Harpers Bizarre 4
New - LP - 1784
Sealed 1969 US Stereo Original. Unable To Confirm Label Variation. Crisp Condition. Produced By Lenny Waronker. "Harpers Bizarre Bounced Back From Their Worst Album, The Secret Life Of Harpers Bizarre, With An Effort That Was Similar In Its Fussy Sunshine Pop Production, But Had A Better Selection Of Material. "Knock On Wood," The Beatles' "Blackbird," The Barry Mann-gerry Goffin Collaboration "Something Better," John Denver's "Leaving On A Jet Plane," Kenny Rankin's "Cotton Candy Sandman," And (Most Unexpectedly) Jazzman Jim Pepper's "Witchi Tai To" Were All Given The Group's Smooth Harmony Veneer And Mock-rococo Production. Also On Board Were Four Bouncy, Inconsequential Group Originals, And The Theme To The Movie I Love You, Alice B. Toklas. It Still Didn't Add Up To Anything Special -- Not Many Groups Could Have Stripped So Much Of The Grit From "Knock On Wood" -- But Was A Soft Rock Marshmallow That Was Easier To Swallow Than Their Gooiest Previous Concoctions. Ry Cooder Played Occasional Bottleneck Guitar. The 2001 Cd Reissue On Sundazed Added Two Bonus Tracks, Both From Non-lp Singles: Harry Nilsson's "Poly High," Which Is Actually One Of The Group's Better Recordings, And Thomas Dorsey's Gospel Composition "If We Ever Needed The Lord Before"." AMG - Richie Unterberger. more
Harpers Bizarre 4
Used - LP - WS 1784
1969 US W7 White Label Promo Stereo LP. Tiny Corner Ding. more
Secret Life
New - LP - 1739
Sealed Gatefold Stereo Original, COH. more
Secret Life Of Harpers Bizarre
New - LP - WS 1739
Sealed 1968 Stereo Original Housed In A Gatefold Jacket. more
The Secret Life Of Harpers Bizarre
Used - LP - WS 1739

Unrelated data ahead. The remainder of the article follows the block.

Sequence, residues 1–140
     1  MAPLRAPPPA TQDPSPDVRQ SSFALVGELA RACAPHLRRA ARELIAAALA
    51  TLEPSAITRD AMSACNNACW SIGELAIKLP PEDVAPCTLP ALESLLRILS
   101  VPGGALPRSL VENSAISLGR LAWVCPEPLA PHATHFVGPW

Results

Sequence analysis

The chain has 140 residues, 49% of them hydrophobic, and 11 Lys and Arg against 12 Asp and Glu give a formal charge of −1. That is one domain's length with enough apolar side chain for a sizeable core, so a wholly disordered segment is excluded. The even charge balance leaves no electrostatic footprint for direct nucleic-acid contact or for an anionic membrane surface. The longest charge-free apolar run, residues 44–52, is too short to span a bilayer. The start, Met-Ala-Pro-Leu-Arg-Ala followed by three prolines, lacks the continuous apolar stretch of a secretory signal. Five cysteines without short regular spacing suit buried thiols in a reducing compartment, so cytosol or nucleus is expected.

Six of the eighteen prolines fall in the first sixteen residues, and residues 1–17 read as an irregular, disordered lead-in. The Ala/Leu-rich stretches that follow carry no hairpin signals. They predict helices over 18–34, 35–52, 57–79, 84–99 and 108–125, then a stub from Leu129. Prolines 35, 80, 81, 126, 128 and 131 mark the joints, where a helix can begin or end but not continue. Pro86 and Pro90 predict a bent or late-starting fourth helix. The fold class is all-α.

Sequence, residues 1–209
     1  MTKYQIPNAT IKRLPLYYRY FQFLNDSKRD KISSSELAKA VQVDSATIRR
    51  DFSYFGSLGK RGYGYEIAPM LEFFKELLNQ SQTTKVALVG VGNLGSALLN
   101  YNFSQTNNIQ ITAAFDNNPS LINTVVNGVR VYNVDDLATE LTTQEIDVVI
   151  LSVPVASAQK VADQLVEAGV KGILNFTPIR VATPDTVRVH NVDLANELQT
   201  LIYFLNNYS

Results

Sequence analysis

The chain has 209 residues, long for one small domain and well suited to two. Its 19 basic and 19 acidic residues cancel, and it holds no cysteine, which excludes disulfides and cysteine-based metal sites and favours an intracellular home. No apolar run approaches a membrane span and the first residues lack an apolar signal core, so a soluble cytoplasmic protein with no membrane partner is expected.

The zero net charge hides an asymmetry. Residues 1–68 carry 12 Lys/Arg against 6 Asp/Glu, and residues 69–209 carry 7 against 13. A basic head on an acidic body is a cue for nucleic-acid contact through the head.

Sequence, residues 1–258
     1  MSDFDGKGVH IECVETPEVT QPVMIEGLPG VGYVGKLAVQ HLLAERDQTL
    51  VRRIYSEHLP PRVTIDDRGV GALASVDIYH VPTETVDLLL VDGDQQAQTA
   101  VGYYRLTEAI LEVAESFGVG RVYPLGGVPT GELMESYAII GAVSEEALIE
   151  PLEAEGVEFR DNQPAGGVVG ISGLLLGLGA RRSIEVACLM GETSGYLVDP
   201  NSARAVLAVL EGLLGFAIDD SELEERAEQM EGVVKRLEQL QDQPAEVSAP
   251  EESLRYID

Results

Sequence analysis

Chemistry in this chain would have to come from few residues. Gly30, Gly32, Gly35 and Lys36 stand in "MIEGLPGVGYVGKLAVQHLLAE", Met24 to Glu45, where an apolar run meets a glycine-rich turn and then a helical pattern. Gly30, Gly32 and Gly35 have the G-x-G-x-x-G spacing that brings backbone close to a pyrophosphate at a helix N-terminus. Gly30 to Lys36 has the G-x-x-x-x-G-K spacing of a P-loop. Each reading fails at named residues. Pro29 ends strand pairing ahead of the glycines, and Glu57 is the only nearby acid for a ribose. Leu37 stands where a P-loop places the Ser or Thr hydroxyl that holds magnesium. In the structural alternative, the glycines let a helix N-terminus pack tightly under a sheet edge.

1968 White Label Promo Stereo Housed In A Gatefold Cover. Vibrant, Clean Copy! Harpers Bizarre's Third Album Continued Their Mildly Eccentric Soft Rock Direction, Remaining As Mildly Eccentric Ever, But Growing Ever Softer. In Truth, This Skirts Adult Contemporary Muzak Almost As It Does Anything That Could Be Considered Rock Music, And Is Rather A Dark Day In The Annals Of Sunshine Pop. The Covers Are A Motley Assortment Of Largely Pre-Rock Standards Given Ornate Arrangements And The Group's Trademark High, Measured Harmonies. What Call There Was For Remakes Of "Battle Of New Orleans" (A Real Low Point), Bacharach-David's "Me, Japanese Boy," "Sentimental Journey," And The Gershwins' "I'll Build A Stairway To Paradise" By A Pop Band In 1968 Is Questionable. Anachronism Wouldn't Matter So Much If The Results Weren't So Damn Prissy. Ted Templeman And Dick Scoppettone's Few Originals Are A Little Less Objectionable, But No More Memorable. The Melancholy "Bye, Bye, Bye" Is About The Best, Segueing Strangely Into Randy Newman's "Vine Street." Several Half-minute Interludes Connect The Tracks To Give It A Suite-Like Feel And Create The Impression That The Work Is More Important Than It Is. Beau Brummels Fans Might Want To Note The Inclusion Of A So-So Good-time Ron Elliott Composition, "I Love You, Mama," Which Elliott Also Arranged (As He Did Two Other Tracks). The 2001 Cd On Sundazed Adds Two Bonus Tracks, The 1968 Non-LP Single "Small Talk" (Written By Bonner-gordon Of "Happy Together" Fame) And A Cover Of Joni Mitchell's "Both Sides Now"." AMG - Richie Unterberger. more